With regard to the cross motion, the motion court should have addressed Jones's claim of lack of personal jurisdiction over him before reaching any of the other relief he sought. Where, as here, a defendant seeks vacatur of a default under both CPLR 5015 (a) (1) (excusable default) and (4) (lack of jurisdiction), the court should determine whether or not it has personal jurisdiction over the defendant before reaching the 5015 (a) (1) ground, since the defendant's "lack of a reasonable excuse . . . is obviated if the court is without personal jurisdiction over defendant, and all subsequent proceedings would be rendered null and void" (Cipriano v Hank, 197 AD2d 295, 298 [1st Dept 1994]; see also David D. Siegel, Practice Commentaries, McKinney's Cons Laws of NY, Book 7B, CPLR C5015:9 ["(T)he court must always rule first on the paragraph 4 jurisdictional point, which involves no discretion. Only if jurisdiction is sustained need the court go on to the paragraph 1 discretionary ground"]).
Plaintiff argues that Jones waived any challenge to personal jurisdiction by appearing in this action "without objection." We disagree. Jones first appeared by filing a pro se order to show cause dated February 25, 2010, in which he sought, inter alia, an interim stay of the foreclosure sale,[FN2] but did not address his default. When Jones obtained counsel soon thereafter, the motion court permitted his counsel to file a supplemental affidavit and attorney's affirmation, on or about April 10, 2010, which raised the issue of improper service. The motion court appears to have treated counsel's affirmation as an amended order to show cause raising the issue of service.[FN3] Accordingly, Jones objected to personal jurisdiction over him in the motion that constituted his first appearance in this action. He also raised it in the cross motion that is the subject of the instant appeal. The fact that the motion court did not address that argument does not constitute a waiver by Jones.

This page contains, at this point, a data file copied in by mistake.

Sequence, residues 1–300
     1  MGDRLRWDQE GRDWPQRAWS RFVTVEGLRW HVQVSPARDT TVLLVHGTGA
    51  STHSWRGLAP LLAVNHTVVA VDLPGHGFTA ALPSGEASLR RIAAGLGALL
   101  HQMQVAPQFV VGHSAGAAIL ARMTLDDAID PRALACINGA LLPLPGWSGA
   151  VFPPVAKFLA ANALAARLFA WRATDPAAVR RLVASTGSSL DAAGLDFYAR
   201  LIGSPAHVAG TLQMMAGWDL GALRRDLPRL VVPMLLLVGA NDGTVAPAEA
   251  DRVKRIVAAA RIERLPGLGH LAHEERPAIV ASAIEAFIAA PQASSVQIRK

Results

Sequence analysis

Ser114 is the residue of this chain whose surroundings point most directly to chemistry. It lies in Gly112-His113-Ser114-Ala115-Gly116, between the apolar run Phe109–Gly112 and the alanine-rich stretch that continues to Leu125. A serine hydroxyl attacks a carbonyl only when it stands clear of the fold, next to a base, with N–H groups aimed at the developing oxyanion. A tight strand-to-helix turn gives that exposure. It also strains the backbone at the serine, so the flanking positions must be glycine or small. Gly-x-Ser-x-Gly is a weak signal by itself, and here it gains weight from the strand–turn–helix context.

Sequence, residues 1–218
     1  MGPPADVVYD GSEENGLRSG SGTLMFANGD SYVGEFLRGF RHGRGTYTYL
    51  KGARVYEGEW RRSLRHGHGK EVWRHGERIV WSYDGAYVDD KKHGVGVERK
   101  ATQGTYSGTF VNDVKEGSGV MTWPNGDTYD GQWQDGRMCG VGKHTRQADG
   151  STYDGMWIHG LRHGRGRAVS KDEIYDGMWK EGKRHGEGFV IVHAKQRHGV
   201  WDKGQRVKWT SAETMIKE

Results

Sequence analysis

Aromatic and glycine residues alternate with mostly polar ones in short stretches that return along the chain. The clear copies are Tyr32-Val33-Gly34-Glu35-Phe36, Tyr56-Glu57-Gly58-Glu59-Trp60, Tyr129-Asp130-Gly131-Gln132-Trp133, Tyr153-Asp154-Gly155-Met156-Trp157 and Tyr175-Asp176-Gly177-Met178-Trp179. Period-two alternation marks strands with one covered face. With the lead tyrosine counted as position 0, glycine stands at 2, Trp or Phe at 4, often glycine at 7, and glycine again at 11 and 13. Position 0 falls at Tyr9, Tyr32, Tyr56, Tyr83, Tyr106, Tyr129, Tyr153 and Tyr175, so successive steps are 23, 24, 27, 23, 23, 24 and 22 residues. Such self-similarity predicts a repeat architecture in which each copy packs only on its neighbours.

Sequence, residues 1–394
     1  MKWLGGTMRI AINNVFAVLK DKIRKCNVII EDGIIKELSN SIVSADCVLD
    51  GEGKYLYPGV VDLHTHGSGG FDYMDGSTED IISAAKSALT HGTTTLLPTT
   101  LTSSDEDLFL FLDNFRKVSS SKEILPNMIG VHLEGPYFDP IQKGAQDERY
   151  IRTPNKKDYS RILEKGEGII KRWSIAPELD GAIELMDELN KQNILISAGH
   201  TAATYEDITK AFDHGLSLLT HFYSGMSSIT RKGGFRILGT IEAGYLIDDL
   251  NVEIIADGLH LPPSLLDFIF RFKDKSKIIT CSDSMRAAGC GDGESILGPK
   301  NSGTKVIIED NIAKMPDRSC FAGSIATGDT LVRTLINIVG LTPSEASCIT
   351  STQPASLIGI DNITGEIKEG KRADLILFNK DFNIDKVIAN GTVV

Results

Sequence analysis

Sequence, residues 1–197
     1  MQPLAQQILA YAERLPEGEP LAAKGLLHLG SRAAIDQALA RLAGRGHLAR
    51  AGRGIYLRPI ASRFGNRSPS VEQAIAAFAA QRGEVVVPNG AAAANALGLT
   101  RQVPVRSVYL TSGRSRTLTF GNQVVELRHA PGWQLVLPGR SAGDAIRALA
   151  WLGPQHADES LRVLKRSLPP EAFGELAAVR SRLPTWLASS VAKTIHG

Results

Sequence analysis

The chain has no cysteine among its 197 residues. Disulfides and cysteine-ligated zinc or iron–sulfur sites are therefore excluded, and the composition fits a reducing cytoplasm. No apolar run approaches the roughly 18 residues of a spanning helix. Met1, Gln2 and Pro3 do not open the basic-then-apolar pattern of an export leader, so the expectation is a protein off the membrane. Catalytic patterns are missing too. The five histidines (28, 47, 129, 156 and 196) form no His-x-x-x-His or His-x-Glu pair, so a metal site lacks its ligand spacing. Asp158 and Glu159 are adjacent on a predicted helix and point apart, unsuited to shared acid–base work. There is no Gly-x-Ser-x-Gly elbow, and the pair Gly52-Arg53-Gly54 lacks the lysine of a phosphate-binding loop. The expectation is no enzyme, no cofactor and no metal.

[*3] Plaintiff alleges that it effectuated substitute service upon Jones by serving a copy of the summons and complaint upon his daughter, Samantha Jones, at a specified address in the Bronx. However, CPLR 308 (2) requires that substitute service be performed "at the actual place of business, dwelling place or usual place of abode of the person to be served." In his affidavit, Jones denied that he lived at that address and stated that he resided in Texas at the time of the alleged service. In further support of his motion, he submitted an affidavit by his daughter, who swore that her father did not live there and that the summons and complaint were not served on her. Accordingly, contrary to plaintiff's characterization of these factual submissions as "bare-bones," Jones submitted sufficient facts to rebut plaintiff's affidavit of service, entitling him to a traverse hearing on this issue (Johnson v Deas, 32 AD3d 253 [1st Dept 2006]; see also Ortiz v Santiago, 303 AD2d 1, 4 [1st Dept 2003]).